Cattle Magazine Veterinary What do you call a cow getting a massage? A whole moo’d. – The Counter

What do you call a cow getting a massage? A whole moo’d. – The Counter



To find out, Lange’s team conducted a series of trials involving both physical touch and vocal communication with 28 heifers, i.e., female cattle that haven’t yet produced offspring. Each cow underwent a total of six massages, which were accompanied by either live vocal communication or pre-recorded messages, in alternating order.

“As the study was conducted in Austria, we addressed the heifers in German,” Lange explained. “Translated, the phrases were: ‘Hello my dear. That’s a good cow. Yes, you are a fine girl. Such a nice heifer. Yes, this is nice. Yes, you are doing well, you can relax.’”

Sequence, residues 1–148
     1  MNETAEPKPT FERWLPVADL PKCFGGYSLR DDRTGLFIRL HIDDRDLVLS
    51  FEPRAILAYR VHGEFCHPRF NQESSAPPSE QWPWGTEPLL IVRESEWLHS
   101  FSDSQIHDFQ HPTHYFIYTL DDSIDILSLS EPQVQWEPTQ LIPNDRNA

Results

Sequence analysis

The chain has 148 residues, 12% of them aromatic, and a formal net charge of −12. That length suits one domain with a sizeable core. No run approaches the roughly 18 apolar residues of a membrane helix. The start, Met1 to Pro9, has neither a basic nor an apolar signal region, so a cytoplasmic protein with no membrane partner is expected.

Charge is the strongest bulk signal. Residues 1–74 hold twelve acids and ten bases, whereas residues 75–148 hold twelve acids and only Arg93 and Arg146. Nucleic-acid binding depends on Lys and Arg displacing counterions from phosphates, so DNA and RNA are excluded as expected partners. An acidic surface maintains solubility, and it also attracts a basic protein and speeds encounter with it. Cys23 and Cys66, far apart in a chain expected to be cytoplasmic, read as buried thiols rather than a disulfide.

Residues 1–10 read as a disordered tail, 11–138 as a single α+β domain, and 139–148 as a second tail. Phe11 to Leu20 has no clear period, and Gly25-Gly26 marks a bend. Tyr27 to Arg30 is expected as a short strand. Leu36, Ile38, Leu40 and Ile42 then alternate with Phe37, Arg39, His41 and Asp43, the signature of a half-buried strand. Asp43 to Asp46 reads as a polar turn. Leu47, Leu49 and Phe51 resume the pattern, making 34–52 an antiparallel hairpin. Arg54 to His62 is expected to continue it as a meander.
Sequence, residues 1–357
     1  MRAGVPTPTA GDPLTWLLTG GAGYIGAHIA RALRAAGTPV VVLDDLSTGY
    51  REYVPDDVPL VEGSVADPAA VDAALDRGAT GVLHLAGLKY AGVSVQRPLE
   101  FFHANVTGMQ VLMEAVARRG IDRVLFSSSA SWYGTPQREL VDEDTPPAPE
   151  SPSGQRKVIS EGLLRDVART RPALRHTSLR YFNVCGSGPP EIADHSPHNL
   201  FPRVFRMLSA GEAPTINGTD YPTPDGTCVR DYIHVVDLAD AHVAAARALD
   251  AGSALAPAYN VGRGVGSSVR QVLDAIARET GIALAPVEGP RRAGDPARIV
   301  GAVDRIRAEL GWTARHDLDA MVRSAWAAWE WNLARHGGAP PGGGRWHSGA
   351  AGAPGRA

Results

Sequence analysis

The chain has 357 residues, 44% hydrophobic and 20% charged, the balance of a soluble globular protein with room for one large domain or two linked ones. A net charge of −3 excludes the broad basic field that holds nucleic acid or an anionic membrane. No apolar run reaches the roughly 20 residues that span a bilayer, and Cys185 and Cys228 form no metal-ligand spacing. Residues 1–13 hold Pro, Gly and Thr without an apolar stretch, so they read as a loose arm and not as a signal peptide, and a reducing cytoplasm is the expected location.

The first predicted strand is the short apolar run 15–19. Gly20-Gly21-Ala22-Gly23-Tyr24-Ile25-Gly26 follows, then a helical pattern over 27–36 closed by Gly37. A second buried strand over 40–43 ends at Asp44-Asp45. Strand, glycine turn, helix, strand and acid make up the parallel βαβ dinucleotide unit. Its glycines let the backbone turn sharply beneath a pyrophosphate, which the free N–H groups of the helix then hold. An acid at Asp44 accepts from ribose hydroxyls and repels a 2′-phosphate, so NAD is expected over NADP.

Researchers then used heart rate monitors and video equipment to observe both internal and external reactions over the course of each trial.

The cows appeared to indicate that they took pleasure from all interactions—and who can blame them? Researchers noted an increase in neck stretching, a behavior associated with enjoyment, and a decrease in ear flicking, conversely associated with annoyance.